“They are showing negative reactions, saying that although there may be starving people, they don’t know how much food will be given to the general population even if North Korea receives thousands of tons of food.”

Another source, a resident of Dandong confirmed to RFA on the same day that the train left Dandong for North Korea that morning at 3 a.m.

“For some reason the Chinese authorities are hiding details about the cargo… Even the staff working at the station were not told about what was loaded in the freight train. It’s a secret to everybody,” said the second source.

“It’s still too early to judge whether trade between China and North Korea will resume and if we can exchange goods again, but it is true that China has begun providing supplies in the form of loans because the shortage of food and supplies in North Korea is at a serious level,” the second source said.

People in North Korea were aware that shipments from China were coming in, according to the second source.

“I talked to my counterpart in North Korea… As news spreads that support and supplies are coming from China, the people are hoping that it will help relieve the food and supply shortage,” the second source said.

An April 16 RFA report quoted a Chinese citizen of Korean descent from Dandong, who said that that the train was laden with 300 tons of food as the first batch of supplies to be sent to North Korea.

“In addition, trucks loaded with agricultural goods and construction materials are waiting to cross the border…. not only at Dandong Station, but also near Donggang and the New Yalu River Bridge where there are also large piles of supplies waiting to be sent to North Korea by large freight trucks,” said the source in the report, adding that the supplies were pesticides, fertilizers and plastic film used in rice planting.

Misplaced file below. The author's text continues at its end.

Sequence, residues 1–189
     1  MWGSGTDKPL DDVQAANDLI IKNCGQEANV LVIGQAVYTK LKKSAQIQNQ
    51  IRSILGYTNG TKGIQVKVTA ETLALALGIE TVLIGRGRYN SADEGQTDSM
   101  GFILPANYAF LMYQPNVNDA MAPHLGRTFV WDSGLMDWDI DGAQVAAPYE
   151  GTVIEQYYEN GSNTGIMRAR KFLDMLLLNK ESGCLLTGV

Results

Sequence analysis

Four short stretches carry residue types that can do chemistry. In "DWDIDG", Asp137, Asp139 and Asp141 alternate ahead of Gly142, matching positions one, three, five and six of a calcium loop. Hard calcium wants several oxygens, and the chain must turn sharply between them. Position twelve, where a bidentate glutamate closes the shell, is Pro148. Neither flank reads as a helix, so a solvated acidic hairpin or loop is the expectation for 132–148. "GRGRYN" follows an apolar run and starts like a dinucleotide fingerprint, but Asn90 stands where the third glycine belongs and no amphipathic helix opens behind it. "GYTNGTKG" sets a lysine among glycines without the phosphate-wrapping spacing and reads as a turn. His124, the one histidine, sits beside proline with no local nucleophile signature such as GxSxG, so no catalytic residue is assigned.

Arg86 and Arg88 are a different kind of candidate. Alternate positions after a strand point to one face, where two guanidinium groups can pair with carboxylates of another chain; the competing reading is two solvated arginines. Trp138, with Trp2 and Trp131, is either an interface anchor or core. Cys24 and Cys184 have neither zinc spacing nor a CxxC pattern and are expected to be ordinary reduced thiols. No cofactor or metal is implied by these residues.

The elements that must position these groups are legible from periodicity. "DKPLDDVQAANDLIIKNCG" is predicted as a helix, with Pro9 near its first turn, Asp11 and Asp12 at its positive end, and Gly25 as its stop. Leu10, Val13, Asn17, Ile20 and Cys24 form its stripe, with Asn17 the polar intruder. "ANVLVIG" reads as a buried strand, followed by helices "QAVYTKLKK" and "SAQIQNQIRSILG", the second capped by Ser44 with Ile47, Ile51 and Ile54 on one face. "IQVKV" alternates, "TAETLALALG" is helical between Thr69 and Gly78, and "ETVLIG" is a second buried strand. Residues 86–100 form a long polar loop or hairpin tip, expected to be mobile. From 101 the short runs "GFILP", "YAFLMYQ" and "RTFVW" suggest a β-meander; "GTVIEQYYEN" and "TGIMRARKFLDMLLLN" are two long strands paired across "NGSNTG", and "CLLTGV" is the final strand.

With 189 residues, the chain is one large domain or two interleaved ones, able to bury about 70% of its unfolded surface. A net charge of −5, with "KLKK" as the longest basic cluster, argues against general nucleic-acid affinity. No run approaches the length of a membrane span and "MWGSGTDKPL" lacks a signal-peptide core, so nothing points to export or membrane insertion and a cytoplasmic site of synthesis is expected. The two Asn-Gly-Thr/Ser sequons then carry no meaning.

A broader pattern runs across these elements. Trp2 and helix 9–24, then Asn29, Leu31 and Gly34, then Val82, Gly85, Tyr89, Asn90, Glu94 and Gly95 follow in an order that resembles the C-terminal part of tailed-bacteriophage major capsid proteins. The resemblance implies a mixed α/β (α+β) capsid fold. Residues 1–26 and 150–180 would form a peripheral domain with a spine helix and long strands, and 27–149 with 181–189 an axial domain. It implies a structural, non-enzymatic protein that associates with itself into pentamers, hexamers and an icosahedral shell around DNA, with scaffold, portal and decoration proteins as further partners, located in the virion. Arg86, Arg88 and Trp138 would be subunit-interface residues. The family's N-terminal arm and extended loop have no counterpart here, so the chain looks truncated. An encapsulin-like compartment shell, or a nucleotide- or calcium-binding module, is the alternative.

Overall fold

Life in North Korea without Chinese trade has been harsh.

UN Special Rapporteur on North Korean Human Rights Tomás Ojea Quintana warned in a report last month that the closure of the border and restrictions on the movement of people could bring on a “serious food crisis.”

“Deaths by starvation have been reported, as has an increase in the number of children and elderly people who have resorted to begging as families are unable to support them,” said the report.

RFA reported earlier this month that North Korean authorities were warning residents to prepare for economic difficulties as bad as the 1994-1998 famine which killed millions, as much as 10 percent of the population by some estimates.

Kim Jong Un was quoted in state media this month as saying the country faced grim challenges.

“Improving the people’s living standards ... even in the worst-ever situation in which we have to overcome unprecedentedly numerous challenges depends on the role played by the cells, the grassroots organizations of the party,” Kim said during an opening speech at a meeting of cell secretaries of the ruling Workers’ Party.

Reported by Jieun Kim for RFA’s Korean Service. Translated by Leejin Jun. Written in English by Eugene Whong.